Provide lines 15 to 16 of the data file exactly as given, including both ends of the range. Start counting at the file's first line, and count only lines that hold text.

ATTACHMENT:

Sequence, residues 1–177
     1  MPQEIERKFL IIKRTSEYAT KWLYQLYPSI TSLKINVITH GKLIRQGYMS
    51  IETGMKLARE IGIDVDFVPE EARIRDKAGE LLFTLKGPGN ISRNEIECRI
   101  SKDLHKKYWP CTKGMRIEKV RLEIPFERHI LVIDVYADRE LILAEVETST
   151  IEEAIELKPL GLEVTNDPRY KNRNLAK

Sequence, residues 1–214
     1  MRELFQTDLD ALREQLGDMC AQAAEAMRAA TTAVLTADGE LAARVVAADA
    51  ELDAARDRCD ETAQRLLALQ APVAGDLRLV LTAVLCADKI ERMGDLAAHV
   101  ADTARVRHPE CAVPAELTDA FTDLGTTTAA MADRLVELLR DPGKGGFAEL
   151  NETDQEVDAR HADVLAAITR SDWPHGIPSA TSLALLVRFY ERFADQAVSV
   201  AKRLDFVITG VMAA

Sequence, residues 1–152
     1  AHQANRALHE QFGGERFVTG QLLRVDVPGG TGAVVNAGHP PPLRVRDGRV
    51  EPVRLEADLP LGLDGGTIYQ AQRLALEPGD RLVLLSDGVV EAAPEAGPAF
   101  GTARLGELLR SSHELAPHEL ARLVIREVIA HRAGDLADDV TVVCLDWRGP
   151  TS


   101  GTARLGELLR SSHELAPHEL ARLVIREVIA HRAGDLADDV TVVCLDWRGP
   151  TS